The US invasion plan for Iraq envisaged that only 5,000 US troops would remain in Iraq by December 2006, declassified Central Command documents show.
The US is now sending some 20,000 extra troops to Iraq
The material also shows that the US military projected a stable, pro-US and democratic Iraq by that time.
The August 2002 material was obtained by the National Security Archive (NSA). Its officials said the plans were based on delusional assumptions.
The US currently has some 132,000 troops in the violence-torn state.
The documents - in the form of PowerPoint slides - were prepared by the now-retired Gen Tommy Franks and other top commanders at the time.
The documents were presented at a briefing in August 2002 - less than a year before the US-led invasion of Iraq in March 2003.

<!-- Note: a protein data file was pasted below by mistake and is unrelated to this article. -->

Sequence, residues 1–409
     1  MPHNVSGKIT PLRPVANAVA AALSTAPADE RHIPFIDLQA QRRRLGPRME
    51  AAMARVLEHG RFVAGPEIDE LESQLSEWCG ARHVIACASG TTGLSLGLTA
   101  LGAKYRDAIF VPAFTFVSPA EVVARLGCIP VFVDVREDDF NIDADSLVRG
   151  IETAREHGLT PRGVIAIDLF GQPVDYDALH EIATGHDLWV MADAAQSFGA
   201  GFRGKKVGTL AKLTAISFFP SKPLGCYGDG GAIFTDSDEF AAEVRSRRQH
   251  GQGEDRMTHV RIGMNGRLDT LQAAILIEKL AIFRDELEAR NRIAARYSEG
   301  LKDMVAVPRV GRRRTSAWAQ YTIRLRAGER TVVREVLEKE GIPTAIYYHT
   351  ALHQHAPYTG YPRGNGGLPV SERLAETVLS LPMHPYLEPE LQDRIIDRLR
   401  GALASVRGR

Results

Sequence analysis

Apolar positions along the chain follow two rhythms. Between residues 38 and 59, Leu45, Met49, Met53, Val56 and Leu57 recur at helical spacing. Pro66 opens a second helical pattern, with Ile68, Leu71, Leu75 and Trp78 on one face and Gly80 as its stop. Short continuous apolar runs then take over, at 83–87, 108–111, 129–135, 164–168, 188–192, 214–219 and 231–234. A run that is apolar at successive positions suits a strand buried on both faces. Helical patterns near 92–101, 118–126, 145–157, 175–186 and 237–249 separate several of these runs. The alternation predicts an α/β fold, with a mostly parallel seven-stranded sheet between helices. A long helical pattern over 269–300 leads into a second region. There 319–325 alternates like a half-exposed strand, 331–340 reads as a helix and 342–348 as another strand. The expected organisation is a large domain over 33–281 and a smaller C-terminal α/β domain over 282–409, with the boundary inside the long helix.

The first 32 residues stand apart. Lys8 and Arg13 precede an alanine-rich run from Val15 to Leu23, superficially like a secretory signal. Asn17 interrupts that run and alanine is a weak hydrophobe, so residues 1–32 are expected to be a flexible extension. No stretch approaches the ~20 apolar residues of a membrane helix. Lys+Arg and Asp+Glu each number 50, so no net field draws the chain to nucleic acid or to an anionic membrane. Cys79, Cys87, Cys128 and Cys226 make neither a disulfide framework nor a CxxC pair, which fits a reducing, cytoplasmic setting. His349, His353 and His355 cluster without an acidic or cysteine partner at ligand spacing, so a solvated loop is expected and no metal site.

The commanders predicted that after the fighting was over there would be a two- to three-month "stabilisation" phase, followed by an 18- to 24-month "recovery" stage.
They projected that the US forces would be almost completely "re-deployed" out of Iraq at the end of the "transition" phase - within 45 months of invasion.
"Completely unrealistic assumptions about a post-Saddam Iraq permeate these war plans," NSA executive director Thomas Blanton said in a statement posted on the organisation's website.
"First, they assumed that a provisional government would be in place by 'D-Day', then that the Iraqis would stay in their garrisons and be reliable partners, and finally that the post-hostilities phase would be a matter of mere months'," Mr Blanton said.
"All of these were delusions," he added.
The NSA said it received the documents last month, after making a request in 2004.
The NSA is an independent research institute at George Washington University.
It obtained the papers under the Freedom of Information Act.